SAY IT AIN'T SO, ANNUNZIO
The Summer Olympics are at odds with the U.S. Government again. It's not a question of boycott this time but the stubborn stand of one U.S. Congressman. A plan to have the Treasury authorize commemorative coins for the 1984 Los Angeles Games is supported by President Reagan and Secretary of the Treasury Regan, and a bill to go ahead with the coins has been sponsored by, among others, Democratic Senator Alan Cranston of California and Republican Senator Jake Garn of Utah, along with more than 100 Congressmen. The bill passed the Senate handily, but when it got to the House of Representatives it was stopped dead in the Subcommittee on Consumer Affairs and Coinage by its chairman, a nine-term Democrat from Chicago named Frank Annunzio, who doesn't like the bill at all. He's sat on it, kept it from coming to the House floor and effectively stopped its passage. To Olympic people, including the two dozen athletes who dropped in on Washington last week to lobby for the bill, Frank Annunzio is looming as the Afghanistan of these Olympics.
Why? Well, to put it simply, the sale of commemorative coins has become vital to the finances of recent Olympics. The bill that passed the Senate called for a maximum of $425 million worth of silver and gold coins to be issued, in values of $1, $10, $50 and $100 and with 25 different designs. The bill stipulated that the Los Angeles Olympic Organizing Committee's cut from the sale was to be at least $50 million, although estimates of how much the LAOOC would actually receive go as high as $200 million (it would divide its take with the U.S. Olympic Committee), because the coins are usually sold for a price far above face value. A professional consortium (the same one that handled the sale of coins for the Moscow Olympics, plus the Franklin Mint) had agreed to give the LAOOC $50 million as a guarantee against its share of sales as soon as it had the coins to sell. Now the consortium has been saying it would back out of the deal if approval for minting the coins isn't given by April 1. If that happens, insiders say the Los Angeles Games could be in serious trouble. Time is running out, and the LAOOC, the USOC, the International Olympic Committee and the athletes are all beginning to panic.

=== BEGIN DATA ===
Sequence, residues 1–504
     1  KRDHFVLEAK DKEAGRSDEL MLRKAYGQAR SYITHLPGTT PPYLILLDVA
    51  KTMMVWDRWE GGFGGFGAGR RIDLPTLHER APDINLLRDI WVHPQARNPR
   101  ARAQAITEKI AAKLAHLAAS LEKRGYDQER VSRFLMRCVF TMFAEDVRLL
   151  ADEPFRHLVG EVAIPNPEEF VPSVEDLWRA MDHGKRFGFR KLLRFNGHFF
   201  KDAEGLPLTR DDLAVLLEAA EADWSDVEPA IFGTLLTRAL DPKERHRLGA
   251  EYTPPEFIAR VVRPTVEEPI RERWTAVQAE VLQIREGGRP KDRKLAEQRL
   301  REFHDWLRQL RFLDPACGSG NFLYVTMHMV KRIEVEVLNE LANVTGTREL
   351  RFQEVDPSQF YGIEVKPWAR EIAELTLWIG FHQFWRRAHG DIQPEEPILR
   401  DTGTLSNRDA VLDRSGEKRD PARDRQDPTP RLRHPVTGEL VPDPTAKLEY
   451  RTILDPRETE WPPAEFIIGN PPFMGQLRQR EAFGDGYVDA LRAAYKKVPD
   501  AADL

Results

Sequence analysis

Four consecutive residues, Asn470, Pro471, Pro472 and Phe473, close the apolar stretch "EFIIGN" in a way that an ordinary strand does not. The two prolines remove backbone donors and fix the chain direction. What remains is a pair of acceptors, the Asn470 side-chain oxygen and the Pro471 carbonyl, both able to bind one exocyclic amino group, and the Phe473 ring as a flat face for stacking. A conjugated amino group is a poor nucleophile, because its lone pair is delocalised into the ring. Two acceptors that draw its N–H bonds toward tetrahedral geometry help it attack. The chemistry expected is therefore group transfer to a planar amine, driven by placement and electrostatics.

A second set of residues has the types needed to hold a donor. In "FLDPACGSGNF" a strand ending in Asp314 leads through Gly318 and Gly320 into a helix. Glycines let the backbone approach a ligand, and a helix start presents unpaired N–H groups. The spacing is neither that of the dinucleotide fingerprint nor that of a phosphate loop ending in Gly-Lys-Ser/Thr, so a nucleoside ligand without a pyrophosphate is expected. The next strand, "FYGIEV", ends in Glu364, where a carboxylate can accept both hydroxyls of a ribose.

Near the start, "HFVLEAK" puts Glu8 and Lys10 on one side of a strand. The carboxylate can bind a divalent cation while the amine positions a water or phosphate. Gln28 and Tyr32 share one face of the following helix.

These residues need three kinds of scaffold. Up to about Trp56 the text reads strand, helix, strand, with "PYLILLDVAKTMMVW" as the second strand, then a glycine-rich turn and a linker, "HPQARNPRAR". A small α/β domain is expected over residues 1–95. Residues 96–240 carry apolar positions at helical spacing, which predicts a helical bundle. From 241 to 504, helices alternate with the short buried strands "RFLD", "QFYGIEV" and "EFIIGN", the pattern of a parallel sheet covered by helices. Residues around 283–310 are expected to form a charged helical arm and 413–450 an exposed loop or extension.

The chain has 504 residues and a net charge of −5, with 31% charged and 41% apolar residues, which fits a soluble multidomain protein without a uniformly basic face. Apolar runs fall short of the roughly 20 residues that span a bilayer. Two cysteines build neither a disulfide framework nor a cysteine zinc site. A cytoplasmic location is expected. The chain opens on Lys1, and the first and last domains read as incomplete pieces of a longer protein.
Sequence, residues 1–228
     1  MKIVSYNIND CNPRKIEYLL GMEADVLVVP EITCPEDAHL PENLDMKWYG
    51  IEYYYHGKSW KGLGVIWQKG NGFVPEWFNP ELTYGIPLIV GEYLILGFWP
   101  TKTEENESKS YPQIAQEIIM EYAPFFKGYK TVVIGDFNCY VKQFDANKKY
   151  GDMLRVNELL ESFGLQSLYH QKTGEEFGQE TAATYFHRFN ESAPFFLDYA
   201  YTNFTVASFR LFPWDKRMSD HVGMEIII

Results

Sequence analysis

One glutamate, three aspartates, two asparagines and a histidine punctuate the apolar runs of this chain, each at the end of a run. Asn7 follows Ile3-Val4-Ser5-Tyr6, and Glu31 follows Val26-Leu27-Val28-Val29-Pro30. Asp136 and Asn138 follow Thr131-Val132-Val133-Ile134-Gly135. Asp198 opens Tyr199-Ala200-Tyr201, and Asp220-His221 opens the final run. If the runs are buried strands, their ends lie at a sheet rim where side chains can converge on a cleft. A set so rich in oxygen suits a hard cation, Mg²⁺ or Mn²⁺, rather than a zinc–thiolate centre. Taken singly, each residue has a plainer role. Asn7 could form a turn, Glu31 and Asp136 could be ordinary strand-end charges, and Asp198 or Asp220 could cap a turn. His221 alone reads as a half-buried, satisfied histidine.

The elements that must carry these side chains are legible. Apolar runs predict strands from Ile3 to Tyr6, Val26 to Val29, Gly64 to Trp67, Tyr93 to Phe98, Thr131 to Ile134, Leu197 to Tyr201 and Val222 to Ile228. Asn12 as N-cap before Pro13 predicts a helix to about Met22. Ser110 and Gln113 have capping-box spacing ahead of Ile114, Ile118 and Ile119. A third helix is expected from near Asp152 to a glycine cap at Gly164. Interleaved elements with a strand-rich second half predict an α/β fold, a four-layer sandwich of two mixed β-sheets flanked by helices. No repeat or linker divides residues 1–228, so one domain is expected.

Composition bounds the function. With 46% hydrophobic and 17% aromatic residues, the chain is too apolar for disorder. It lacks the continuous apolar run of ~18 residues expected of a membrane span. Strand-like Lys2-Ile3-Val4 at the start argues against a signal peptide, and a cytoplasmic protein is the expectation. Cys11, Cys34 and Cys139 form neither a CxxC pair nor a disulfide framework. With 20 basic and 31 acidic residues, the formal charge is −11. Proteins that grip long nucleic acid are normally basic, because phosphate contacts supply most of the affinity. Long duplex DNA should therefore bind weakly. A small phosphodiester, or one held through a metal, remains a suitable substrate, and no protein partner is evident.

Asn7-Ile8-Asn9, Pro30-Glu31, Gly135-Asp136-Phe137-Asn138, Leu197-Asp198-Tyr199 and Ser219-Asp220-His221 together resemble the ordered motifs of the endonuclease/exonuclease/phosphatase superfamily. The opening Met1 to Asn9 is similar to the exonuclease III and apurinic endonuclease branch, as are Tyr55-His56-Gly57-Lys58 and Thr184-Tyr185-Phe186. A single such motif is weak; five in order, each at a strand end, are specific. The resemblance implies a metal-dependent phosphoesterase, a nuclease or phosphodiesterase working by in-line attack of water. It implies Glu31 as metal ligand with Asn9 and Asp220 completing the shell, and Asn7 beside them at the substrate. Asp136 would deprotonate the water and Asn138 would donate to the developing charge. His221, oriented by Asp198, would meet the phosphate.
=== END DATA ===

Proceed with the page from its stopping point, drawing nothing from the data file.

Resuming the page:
Why is Annunzio stonewalling? For one thing, his office questions the optimistic sales projections, and, in a letter to fellow Congressmen, he raised the specter of "scandals" in connection with past commemorative coin sales (he didn't specify what scandals). He also told the House that the American Numismatic Association, a collectors' group, objects to the number and variety of coins to be issued.
The LAOOC refutes this, declaring that the sale of Moscow coins was extremely successful, that even the financially disastrous Montreal Games had coin sales of $125 million and that coin sales were the second-largest source of income for the 1976 and 1980 Olympics. As for the numismatists' objections, critics of the A.N.A. call it an elitist group that disapproves of mass sales of commemorative coins.
In any case, Annunzio introduced his own bill in the House that reduced the number of coins from 29 to one. The LAOOC objected, but in time reluctantly agreed to 17 coins, warning that it wouldn't be economically feasible to issue fewer than that. Annunzio just as reluctantly came up to 10 coins but said that was as high as he could go. He said he wouldn't hold a hearing in his committee on the bill until the opposition agreed with his total. Annunzio had no further comment, but a subcommittee staffer says: "It's one of those matters that need some basic agreement before the legislative process can be started."
Well, no, it isn't. First, the legislative process is already under way—the Senate passed the bill—and is now being blocked. Then, too, Annunzio, his staffer admits, hasn't even polled his committee members to see how they feel. Considering the overwhelming support for the measure in the Senate, it can be assumed that opposition to Annunzio would be great, and that the bill's progress through the remainder of the legislative process would be assured.
Perhaps this is what worries Annunzio, and why he so stubbornly persists in his lonely stand. But hearings are part of the legislative process. One should be called as soon as possible, and the bill's fate properly and swiftly resolved.
FOOD, GLORIOUS FOOD
Who says modern athletes aren't hungry? A story out of Pembroke, N.C. told of a college baseball game that was actually called on account of hunger. The game between Pembroke State and North Carolina at Charlotte had started at 3 p.m., and at 6:25, with the score tied 8-8 at the end of nine innings, Pembroke Coach Harold Ellen pulled his team off the field, explaining to the disbelieving members of the visiting team that the school cafeteria was about to close. "We don't have the money like them big schools have," Ellen said, "and I can't afford to send them to McDonald's."